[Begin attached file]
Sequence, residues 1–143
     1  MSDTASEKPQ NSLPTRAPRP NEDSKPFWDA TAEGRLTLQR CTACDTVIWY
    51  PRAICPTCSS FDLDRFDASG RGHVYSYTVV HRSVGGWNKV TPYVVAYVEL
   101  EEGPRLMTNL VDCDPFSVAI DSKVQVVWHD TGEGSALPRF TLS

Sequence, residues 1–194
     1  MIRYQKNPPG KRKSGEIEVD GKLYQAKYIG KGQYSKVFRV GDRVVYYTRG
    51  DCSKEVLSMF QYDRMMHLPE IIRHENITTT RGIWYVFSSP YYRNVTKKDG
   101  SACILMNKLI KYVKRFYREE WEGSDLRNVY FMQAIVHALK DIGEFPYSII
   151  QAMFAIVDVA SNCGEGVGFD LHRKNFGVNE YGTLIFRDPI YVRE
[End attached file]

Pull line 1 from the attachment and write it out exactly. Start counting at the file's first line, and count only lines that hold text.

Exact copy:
Sequence, residues 1–143